We’re pleased to announce the 12″ release of “The General” the first single from Jahdan’s Buzzrock Warrior album, coming this fall. The release is a collaboration with the Liondub International label which is only fitting since Liondub and I built the riddim for “The General” together. Liondub has also enlisted two of his friends Marcus Visionary and Noah D. on remix duties and they turned out two dutty dubstep mixes. Both of them have been coming with a lot of fire lately all over the place. This is a UK pressing so it will be easier to find over there but some copies will be arriving stateside soon. Downloads will be available before too long but currently the release is vinyl only.
The Agriculture– which put out /Ruptures cosmopolitan (and new mexican) bass excursion “Uproot” has some fresh goods coming to market.
[youtube]http://www.youtube.com/watch?v=aGBpVOztEL0[/youtube]Lloop’s “Autumn Rains Until Those of Spring” video by Peter Shapiro
Brooding dubstep for afronauts and the red eye(d) easyjet set. Lloop’s been working since the earl 90s Williamsburg rave scene on surreal and dubladen work – but i guess it was callled “illbient” back then- “60 HERTZ” is the new album- and it’s reminding me yet again how lacking the hegemonic dubstep creation myth is for explaining the genres development. Causality in cultural production is always nearly impossible to pinpoint- but this album certainly points to a more complicated relationship between stateside and UK developments in electronic music.
extra credit- 60 hertz is the frequency of AC power in the states… out of work with some spare time? take a photodiode, point it at a lamp and use it to control an oscillator- then u can listen to these sine waves humming all around us.
I’ve gone quiet for a minute because I just had a son. This is a photo of little Archie a few minutes after being born 4:37 AM 02/06/09, looking at the world. He shares a birthday with Robert Nesta Marley and is an Aquarius. One of the interesting new questions of being a parent is trying to get a full nights sleep (impossible, but one tries). Being a musician, I’ve been doing some research on the internet about lullabys. My lady Karla has been reporting Archie’s reaction to my different songs as I work on them while he was still in utero (mainly punching and kicking when the bass would come on) and this got me thinking about trying to compose some music for baby. So I started by doing some research. Google threw up some interesting stuff, I had no idea that you could buy washing machine, vacuum cleaner and hair drier sounds on CD. I settled on this one, free via babysleepnoise.com.
Baby Sleep Noise Combined Mix (15 min version, also available in 60 minute mix)
To me it sounds like Rhythm and Sound, and yes, it is pretty peaceful to listen to. It sounds like it’s composed of a fetal heartbeat mixed with several different kinds of noise, including hair drier, car on freeway, and white noise. All of these can be found separately in files of different lengths, here. It seems to work, although not when he’s hungry. I wonder, is this why we like Rhythm and Sound so much? Because it sounds like a heartbeat with a hair drier or an electric fan mixed with some nice reggae chord stabs? Because it reminds us of our first 9 months breathing water and listening to our mother’s muffled heartbeat? I know that Moritz has kids so perhaps this is the secret to their success. Actually I am gonna go find my R+S CD to try on Archie tonight. More research is definitely needed.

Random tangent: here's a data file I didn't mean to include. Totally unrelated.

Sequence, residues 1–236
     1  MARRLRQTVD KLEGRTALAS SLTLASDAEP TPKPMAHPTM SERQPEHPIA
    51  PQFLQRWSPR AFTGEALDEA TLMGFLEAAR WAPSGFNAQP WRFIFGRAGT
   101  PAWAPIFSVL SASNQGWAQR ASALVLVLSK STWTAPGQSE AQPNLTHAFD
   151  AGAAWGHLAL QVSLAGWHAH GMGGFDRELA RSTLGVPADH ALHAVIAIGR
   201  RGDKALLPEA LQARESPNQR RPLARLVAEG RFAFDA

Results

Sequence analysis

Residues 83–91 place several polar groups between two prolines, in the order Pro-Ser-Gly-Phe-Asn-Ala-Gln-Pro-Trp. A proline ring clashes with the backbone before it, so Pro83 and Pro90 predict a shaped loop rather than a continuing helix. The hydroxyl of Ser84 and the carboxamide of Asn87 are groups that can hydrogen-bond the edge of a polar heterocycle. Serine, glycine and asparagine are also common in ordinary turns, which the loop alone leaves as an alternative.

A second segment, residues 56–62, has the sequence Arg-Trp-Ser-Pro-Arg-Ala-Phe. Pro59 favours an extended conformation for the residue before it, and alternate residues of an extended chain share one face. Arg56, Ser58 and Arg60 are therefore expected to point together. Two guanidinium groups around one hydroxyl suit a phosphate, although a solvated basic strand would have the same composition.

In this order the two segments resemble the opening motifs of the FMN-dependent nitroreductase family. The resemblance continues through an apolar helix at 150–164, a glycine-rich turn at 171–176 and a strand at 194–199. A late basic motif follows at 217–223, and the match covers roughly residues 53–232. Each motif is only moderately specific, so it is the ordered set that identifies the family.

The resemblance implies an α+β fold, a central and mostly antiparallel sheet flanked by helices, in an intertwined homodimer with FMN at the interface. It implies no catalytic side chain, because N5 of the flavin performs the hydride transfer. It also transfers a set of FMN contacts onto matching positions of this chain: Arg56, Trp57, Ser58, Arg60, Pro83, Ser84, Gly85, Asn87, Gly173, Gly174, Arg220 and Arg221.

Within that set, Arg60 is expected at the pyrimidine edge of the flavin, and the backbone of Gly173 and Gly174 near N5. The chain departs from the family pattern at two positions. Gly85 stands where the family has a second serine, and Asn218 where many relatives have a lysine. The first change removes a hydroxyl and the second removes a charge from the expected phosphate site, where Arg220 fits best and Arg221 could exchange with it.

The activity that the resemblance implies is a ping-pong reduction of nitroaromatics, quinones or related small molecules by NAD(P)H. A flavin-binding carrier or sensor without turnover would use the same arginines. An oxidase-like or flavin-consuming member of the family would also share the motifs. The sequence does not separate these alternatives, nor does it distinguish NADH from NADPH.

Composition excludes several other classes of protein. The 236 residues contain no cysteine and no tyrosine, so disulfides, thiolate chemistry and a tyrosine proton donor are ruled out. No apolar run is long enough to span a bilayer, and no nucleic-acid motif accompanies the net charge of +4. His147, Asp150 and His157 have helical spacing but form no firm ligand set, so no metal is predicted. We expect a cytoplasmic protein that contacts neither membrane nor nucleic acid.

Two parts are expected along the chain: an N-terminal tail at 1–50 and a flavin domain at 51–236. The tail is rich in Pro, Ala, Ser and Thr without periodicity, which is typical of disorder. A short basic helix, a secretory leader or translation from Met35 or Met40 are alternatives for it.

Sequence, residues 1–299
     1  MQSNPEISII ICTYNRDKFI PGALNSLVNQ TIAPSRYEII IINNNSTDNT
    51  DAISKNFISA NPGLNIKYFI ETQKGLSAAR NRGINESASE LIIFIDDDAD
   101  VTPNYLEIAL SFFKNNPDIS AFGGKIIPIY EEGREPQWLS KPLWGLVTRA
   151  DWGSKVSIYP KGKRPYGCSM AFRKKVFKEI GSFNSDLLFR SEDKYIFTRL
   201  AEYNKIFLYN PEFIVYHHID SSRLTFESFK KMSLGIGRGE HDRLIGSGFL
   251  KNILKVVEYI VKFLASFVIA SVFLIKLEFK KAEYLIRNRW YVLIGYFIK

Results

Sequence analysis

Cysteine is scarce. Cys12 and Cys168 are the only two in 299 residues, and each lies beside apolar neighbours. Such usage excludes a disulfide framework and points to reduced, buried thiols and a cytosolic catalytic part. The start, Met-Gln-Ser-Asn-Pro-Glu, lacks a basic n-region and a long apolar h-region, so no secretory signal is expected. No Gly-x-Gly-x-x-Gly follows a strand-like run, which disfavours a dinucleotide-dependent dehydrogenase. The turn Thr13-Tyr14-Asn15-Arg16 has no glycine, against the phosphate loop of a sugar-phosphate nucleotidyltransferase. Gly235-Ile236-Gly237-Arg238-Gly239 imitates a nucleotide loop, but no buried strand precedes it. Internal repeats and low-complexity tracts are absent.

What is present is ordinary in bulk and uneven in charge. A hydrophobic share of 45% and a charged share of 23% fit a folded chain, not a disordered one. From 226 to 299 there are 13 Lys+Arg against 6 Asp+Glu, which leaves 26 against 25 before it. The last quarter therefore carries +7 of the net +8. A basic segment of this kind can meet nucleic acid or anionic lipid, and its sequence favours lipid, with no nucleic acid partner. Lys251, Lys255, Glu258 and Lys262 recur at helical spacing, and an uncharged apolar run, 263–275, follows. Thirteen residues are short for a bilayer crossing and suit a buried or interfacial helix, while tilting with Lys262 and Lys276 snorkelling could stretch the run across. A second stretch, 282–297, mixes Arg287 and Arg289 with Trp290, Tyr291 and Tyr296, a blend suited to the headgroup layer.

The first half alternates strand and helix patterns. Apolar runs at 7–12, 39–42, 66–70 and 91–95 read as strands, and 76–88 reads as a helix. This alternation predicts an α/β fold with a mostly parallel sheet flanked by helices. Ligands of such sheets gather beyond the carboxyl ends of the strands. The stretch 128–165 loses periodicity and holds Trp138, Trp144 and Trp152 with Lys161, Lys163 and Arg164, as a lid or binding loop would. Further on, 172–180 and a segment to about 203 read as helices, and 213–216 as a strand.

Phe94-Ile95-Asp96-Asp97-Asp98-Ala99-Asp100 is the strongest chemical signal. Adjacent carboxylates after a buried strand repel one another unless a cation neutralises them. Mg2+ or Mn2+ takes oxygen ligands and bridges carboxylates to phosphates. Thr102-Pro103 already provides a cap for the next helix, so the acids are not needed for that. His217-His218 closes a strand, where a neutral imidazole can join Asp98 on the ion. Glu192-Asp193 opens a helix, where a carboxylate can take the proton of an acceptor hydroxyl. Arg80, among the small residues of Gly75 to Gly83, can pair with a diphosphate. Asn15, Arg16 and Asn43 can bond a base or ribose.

There is a lot going on here – a world shrinking and expanding, traditional Yoruba ceremonial drums and chants being laced with spacious/spacey (digital?) synth-pads, you can feel the continents drifting closer and apart as the sounds unfold, combine, and mingle, the relationship between Africa and Europe in the 21st century.
I started listening to Rhythm & Sound and Basic Channel around 2004. They, Moritz Von Oswald and Mark Ernestus, struck me as complex, disciplined, sophisticated musicians. In the video below from sometime late last year, Moritz answers questions, explains his/their history, economic philosophy, work ethic, etc., at length as the audience and the interviewer sip Red Bull and doze off, and vibe to the music. It’s great to hear/see him talk, but you have to brave the aggressive marketing overkill for Red Bull. I would like to read or watch an extensive interview with him conducted in a different environment, but this one is alright for now, I guess –it’s relaxed, and he appears to be comfortable.
As I listened to Moritz’s German accent, I thought about one of Rupture’s point in an interview with Plan B magazine – “the internet contributes to the spread of English-language hegemony.” I also thought about my African/Sierra Leonean accent, which is not very strong but it’s there –a constant reminder that I am speaking other peoples’ language rather than my own. What if the interview was done in German and translated or transcribed for English and other speakers? That would be too much trouble, an unnecessary struggle, right? Red Bull Music Academy is an annual international affair hosted in cities around the world, features guest lecturers and participants, and almost everyone who spoke, had some form of accent (including British.)